Congress Orders Pause on Second Frigate Shipyard Until Navy Proves Design

March 30, 2022 8:00 PM
Rendering of USS Constellation (FFG-62). Fincantieri Image

THE PENTAGON – The Navy is dialing back its planned build rate for the Constellation-class guided-missile frigates (FFG-62) following a congressional mandate for the service to reduce risk in the design, according to language in the recently completed Fiscal Year 2022 appropriations bill.

Based on the last complete 30-year shipbuilding plan the Navy issued with the FY 2021 budget request, the service was set to start a two-per-year production schedule in FY 2023 with a second shipyard to build the 7,300-ton frigate based on the FREMM multi-mission frigate in use with the French and Italian navies. Fincantieri Marinette Marine is currently building the Constellation-class in its Wisconsin shipyard.

“While the [frigate] is based on a proven hull design and mature shipboard technologies, it remains a new class and the Navy and the shipbuilding industrial base have had past production challenges in managing costs, technical concurrency, design changes and schedule of lead ships of a class,” reads language from the FY 2022 appropriations law. “There is concern that prematurely adding a second [frigate] shipyard before the first shipyard has identified and corrected technical and production issues will inject unneeded risk and complexity into the program.”

Naval ship designer Gibbs & Cox is reworking the FREMM initial design and is set to complete a critical design review on the frigate later this year before the official start of fabrication.

The FY 2022 law mandates that “prior to award of a contract for second [frigate] shipyard, the agreement directs the Navy to prioritize the following objectives: technology maturation and risk reduction for critical shipboard components; major systems integration; full ship technical data package creation; and successful operationally realistic testing for the first ship. The agreement further directs the Secretary of the Navy to submit a report 90 days prior to awarding a contract for the second [frigate] shipyard to the congressional defense committees outlining the acquisition strategy for achieving the full frigate program of record and meeting these technology maturation and risk reduction objectives.”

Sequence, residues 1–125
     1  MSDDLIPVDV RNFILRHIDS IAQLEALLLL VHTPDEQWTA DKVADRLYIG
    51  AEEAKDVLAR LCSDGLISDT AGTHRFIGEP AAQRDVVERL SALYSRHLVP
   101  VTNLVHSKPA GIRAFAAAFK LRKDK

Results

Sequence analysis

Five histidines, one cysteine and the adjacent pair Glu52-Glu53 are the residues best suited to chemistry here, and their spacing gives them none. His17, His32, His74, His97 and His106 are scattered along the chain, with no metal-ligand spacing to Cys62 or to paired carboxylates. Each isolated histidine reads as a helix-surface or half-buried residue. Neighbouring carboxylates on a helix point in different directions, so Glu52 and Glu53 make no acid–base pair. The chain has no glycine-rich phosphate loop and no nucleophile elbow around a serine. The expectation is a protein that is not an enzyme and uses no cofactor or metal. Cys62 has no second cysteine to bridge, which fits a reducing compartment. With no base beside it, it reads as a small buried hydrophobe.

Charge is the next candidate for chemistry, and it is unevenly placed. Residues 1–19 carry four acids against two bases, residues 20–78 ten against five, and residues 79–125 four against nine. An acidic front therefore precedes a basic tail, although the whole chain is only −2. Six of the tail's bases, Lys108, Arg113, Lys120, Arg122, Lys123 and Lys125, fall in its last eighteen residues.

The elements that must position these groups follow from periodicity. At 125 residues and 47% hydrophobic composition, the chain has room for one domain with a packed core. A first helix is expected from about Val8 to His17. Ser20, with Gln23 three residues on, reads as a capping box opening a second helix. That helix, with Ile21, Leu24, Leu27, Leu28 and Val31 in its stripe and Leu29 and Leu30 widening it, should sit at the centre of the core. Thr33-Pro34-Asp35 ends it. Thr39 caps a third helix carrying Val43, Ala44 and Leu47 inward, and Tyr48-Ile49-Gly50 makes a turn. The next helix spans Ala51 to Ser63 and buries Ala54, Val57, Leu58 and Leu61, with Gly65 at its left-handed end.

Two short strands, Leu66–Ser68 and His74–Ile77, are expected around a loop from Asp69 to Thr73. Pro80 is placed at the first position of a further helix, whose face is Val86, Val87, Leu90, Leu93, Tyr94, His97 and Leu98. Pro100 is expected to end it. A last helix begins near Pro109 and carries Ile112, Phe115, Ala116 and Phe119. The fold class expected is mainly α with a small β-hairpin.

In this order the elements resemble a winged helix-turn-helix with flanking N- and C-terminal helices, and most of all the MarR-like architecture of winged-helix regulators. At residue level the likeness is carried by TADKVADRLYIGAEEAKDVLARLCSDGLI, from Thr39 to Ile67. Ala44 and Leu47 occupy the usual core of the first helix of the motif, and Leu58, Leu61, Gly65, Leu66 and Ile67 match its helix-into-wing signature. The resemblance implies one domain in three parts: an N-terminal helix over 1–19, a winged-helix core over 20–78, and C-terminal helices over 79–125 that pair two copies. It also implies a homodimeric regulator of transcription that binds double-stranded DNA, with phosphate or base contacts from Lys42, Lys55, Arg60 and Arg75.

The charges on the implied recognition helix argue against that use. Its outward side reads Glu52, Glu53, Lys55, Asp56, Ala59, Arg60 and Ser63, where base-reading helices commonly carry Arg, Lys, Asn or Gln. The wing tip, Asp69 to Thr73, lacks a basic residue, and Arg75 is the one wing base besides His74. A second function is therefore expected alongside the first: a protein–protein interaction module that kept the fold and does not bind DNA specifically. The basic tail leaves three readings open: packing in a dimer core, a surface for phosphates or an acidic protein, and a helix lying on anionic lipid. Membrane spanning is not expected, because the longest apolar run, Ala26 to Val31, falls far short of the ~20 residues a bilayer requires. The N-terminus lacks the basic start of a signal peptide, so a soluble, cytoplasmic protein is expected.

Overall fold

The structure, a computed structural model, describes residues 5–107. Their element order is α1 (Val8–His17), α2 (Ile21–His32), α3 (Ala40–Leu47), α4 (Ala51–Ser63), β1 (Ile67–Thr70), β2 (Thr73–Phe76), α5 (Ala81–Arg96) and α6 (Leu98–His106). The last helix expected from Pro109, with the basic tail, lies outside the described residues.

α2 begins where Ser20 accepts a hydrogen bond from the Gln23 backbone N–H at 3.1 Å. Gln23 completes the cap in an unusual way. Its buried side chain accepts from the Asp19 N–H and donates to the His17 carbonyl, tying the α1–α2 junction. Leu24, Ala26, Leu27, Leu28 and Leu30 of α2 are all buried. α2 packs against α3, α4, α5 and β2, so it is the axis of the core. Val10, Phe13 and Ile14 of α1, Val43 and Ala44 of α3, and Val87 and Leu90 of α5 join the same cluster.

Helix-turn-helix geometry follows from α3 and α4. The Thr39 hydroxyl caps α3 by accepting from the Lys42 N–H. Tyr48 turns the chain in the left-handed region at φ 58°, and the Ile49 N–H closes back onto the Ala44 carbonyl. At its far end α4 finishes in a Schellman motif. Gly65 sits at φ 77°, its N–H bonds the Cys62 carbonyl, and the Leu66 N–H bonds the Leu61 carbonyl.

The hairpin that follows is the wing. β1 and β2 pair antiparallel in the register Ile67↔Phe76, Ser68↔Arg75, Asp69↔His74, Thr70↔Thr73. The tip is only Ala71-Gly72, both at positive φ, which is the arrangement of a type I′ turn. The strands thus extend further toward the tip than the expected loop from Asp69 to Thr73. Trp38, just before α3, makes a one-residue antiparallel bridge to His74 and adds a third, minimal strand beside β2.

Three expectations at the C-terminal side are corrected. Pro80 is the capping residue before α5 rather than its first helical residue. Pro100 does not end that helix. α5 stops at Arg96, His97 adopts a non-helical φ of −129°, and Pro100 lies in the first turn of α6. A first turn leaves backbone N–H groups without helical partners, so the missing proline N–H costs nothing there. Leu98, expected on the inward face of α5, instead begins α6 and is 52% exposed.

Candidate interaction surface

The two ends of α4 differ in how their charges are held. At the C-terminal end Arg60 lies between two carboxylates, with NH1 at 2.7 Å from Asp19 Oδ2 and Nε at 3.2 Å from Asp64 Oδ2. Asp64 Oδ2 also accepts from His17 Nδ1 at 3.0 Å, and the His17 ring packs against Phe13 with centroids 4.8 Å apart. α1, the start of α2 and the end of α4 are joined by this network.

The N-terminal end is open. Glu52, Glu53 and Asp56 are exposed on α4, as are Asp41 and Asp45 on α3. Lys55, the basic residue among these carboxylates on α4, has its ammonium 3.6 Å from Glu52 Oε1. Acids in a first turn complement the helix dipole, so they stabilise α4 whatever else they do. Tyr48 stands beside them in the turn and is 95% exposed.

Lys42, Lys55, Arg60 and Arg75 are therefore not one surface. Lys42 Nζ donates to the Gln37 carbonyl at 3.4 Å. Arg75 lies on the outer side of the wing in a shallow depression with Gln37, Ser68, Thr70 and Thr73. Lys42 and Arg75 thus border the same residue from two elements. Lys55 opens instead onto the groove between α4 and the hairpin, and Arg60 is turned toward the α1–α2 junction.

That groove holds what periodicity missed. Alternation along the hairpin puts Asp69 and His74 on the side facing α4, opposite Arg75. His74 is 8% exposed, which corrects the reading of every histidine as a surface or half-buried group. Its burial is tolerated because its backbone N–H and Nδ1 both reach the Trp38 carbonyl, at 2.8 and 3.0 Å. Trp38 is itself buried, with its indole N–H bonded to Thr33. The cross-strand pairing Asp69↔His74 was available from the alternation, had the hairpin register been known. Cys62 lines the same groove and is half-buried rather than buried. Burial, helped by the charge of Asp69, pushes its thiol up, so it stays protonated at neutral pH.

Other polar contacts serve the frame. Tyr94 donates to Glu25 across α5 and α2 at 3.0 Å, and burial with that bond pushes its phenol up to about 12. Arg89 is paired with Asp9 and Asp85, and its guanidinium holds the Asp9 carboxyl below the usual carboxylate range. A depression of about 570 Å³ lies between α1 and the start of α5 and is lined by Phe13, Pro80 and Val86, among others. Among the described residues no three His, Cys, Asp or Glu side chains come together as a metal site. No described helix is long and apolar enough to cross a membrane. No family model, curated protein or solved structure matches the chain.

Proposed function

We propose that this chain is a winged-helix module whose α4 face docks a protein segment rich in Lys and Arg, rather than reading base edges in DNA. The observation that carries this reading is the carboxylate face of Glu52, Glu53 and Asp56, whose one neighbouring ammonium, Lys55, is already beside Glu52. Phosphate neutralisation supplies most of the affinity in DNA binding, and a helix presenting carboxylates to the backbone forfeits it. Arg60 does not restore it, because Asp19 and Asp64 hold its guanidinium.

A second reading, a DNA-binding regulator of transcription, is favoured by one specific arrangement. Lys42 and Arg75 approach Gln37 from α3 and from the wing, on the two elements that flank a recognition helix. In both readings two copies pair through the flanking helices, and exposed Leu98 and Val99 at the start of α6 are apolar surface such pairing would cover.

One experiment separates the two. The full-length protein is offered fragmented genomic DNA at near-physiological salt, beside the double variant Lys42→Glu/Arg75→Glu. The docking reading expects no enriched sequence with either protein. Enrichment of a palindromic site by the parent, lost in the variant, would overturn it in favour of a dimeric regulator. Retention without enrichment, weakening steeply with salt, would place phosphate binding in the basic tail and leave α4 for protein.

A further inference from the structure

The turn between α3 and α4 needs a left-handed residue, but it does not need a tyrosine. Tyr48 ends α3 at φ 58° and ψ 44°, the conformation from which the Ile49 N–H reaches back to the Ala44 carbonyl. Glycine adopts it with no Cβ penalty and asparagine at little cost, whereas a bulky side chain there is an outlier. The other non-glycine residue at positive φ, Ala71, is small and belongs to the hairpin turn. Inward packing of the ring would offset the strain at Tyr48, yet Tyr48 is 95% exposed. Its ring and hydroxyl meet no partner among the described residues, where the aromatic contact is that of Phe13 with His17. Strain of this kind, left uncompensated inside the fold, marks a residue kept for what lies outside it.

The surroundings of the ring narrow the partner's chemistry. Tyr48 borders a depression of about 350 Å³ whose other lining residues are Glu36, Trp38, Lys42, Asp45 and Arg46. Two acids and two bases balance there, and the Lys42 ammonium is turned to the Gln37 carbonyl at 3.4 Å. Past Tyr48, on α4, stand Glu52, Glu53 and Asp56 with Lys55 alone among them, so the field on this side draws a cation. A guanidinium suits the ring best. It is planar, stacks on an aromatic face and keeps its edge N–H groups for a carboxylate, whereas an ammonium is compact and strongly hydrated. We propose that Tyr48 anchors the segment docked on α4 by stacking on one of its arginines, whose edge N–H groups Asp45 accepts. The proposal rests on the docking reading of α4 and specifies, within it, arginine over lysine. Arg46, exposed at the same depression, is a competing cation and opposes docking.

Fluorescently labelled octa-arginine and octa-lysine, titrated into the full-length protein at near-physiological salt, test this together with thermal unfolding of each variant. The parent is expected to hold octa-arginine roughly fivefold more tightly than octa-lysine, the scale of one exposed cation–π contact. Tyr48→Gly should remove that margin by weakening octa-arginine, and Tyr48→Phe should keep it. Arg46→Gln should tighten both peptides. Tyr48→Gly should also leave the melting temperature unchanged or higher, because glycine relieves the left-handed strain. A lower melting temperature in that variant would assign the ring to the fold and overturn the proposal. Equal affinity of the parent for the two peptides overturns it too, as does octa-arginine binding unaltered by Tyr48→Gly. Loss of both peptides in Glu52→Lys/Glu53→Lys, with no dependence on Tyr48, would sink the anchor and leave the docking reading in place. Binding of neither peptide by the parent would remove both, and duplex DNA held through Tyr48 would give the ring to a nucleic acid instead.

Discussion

The Navy confirmed the service was requesting only one of the Constellation-class frigates this year for $1.2 billion and would have a so-called sawtooth profile for that would build three frigates every two years.

“What you see in the budget request is what one yard can build over the [future years defense plan],” Navy budget chief Rear Adm. John Gumbleton told USNI News.

Over the five-year defense outlook, the Navy intends to buy seven of the FFGs, which are poised to be a major component of the Navy’s future anti-submarine warfare force.

French frigate FS Languedoc (D653) with the Thales CAPTAS-4

As part of the Fiscal Year 2023 budget request, the Navy announced it plans to scrap the ASW package for the Freedom-class Littoral Combat Ship and shift the effort over to the frigates. After years of testing, the Navy couldn’t successfully incorporate the Raytheon AN/SQS-62 variable depth sonar (VDS) onto the Freedom variant.

“The Freedom-class isn’t well-designed to deploy a VDS off the back of the ship,” Bryan Clark with the Hudson Institute told USNI News on Tuesday.

The Raytheon system was originally slated for LCS and the frigates, but the service has elected instead to use the Thales’ CAPTAS-4, USNI News has reported.

CAPTAS-4 is widely in use by “anti-submarine warfare (ASW) frigates such as the Royal Navy Type 23 and Type 26 frigates, the French Navy FREMM and FDI frigates, the Italian FREMMs, the Spanish F110 frigates, and the Chilean Type 23,” reported Naval News.

The cut of nine Freedom-class LCS and the ASW package is “an opportunity to reinvest $1.8 billion when this ASW mission sets [are] going to be taken up by the frigate, of which we’re buying the fourth of the line in this budget request,” Gumbleton said on Monday.
“It speaks to a return on investment to get at the lethality we need for our near-peer competitor.”

Sam LaGrone

Sam LaGrone

Sam LaGrone is the editor of USNI News. He has covered legislation, acquisition and operations for the Sea Services since 2009 and spent time underway with the U.S. Navy, U.S. Marine Corps and the Canadian Navy.
Follow @samlagrone

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